Their position in the matrix will help you determine what actions to take next:
Deprioritize the dogs
Dogs, in the lower-right quadrant of the grid, are skills that have low organizational impact and a high cost to train for. In the original framework, they were called dogs because they were bedogging or plaguing the company.
Dogs have the potential to tie up valuable training budgets while contributing very little to the company’s long-term goals or bottom line. Drop these needs completely, or to try to reframe them in a way that decreases their liability.
Skills that require expensive or frequent training programs are likely dog suspects. For example, your organization traditionally sent new salespeople to an expensive, in-person training to learn to use the company’s CRM software. However, you are already planning to switch CRM services in the next two years, lessening the long-term impact of this costly training.
It would be prudent to either drop this training completely or find a way to mitigate costs. Perhaps new employees could receive in-house training from more senior employees instead.
Maintain a steady stream of workhorses
Workhorses exist in the lower-left quadrant. Training for these skills costs little to execute and isn’t as pivotal to the company’s future goals.
Workhorses are not exciting, shiny, or new. They might become irrelevant a couple of years down the line. But they can add value to the organization right now, with very little manpower or cost, so they are worth maintaining.
Common workhorses are trainings that fulfill a temporary need, rely on already-created training materials, or require little effort to roll out. If a member of our sales team frequently misses deadlines and meetings, we could sign them up for a pre-existing in-house time management course to bolster their performance with very little effort or expense. It doesn’t make a big impact on the organization as a whole, but it’s a low-cost way to boost a few employees' job performances.
Stars, in the upper-left quadrant, are high value and low cost. These training needs tie directly into the company’s goals and require very little overhead in terms of time and money.
Stars are the holy grail of gap analysis and should be prioritized as first on your list of skills to pursue. In an ideal world, stars would make up the bulk of your training programs (and if you create a robust base of tribal knowledge, they just might).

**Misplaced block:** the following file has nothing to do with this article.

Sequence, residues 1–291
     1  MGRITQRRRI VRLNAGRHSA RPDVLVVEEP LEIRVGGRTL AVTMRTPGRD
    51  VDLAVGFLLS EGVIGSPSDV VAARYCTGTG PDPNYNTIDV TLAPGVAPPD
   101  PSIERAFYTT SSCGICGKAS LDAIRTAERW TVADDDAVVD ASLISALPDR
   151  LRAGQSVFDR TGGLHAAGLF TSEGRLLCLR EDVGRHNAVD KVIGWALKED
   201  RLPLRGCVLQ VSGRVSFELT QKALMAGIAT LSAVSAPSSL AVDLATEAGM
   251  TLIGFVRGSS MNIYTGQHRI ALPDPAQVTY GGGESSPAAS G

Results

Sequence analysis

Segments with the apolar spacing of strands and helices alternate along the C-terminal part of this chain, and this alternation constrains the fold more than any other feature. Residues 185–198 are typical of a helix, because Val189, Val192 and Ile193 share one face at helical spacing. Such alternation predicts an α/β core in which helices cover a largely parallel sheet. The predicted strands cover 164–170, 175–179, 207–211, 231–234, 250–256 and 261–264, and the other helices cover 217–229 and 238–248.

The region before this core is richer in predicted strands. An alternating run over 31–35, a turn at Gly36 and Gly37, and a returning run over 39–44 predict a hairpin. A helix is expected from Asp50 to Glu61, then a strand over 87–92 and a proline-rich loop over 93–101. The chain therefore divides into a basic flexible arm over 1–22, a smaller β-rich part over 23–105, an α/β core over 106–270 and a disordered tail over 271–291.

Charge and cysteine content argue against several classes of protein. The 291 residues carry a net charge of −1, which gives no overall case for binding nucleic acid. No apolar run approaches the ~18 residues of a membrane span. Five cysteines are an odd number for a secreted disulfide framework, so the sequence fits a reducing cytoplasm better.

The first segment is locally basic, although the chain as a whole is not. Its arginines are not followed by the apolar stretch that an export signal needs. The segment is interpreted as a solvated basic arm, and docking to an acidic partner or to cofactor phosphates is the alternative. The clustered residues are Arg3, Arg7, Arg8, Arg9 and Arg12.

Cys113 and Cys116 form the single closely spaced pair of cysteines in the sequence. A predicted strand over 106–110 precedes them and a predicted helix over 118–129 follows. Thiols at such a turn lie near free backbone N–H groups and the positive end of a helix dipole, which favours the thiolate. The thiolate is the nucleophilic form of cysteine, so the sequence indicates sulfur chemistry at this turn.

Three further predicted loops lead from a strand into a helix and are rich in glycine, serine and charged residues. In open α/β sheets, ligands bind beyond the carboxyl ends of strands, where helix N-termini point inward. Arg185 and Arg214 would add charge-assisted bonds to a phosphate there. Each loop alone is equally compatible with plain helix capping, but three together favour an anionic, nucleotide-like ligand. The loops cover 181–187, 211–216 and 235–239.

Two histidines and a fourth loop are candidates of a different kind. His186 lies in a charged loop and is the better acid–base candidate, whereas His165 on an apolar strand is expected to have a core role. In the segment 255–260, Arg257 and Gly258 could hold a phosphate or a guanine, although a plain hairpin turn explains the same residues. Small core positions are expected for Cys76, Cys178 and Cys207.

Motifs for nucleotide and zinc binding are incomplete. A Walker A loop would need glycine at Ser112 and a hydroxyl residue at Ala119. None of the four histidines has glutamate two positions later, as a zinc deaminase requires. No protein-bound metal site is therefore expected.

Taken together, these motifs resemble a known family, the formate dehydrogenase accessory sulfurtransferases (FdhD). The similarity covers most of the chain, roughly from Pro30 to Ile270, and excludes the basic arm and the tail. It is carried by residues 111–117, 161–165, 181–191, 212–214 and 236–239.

A great example of a star training need is product familiarization training. Your best-selling product has just been updated with some shiny new bells and whistles, and the sales team should be trained on how to use the new features. Educating the sales team is extremely relevant to the company’s goals because it will directly lead to more sales. But it also costs very little to implement. You can leverage peer learning and have a product engineer or project manager lead a course dedicated to explaining the features for next to nothing. All signs point to full speed ahead.
Keep an eye on question marks
Finally, question marks sit in the upper-right quadrant of the grid. Training for these skills will contribute directly to the company’s goals, but it will also be expensive to implement.
Question marks are a sign to proceed with caution. Don’t write the training off, but investigate ways to mitigate costs. Are there any alternative ways to fulfill this need? Perhaps you can leverage internal knowledge or test-drive a less expensive training program?
Maybe your company plans to incorporate AI automation into their email software. This is a high-impact change that will free up manpower and increase overall company efficiency. Key members of the team need to be trained on how to use the automation tool to create and send customized emails. The official training course, however, is very expensive.
Consider your options. You might decide the training is worth the money and build it into your budget, or you might decide to temper your costs by sending only one employee to the training and relying on them to train others.
Related: 3 Data-Backed Ways to Prove Training ROI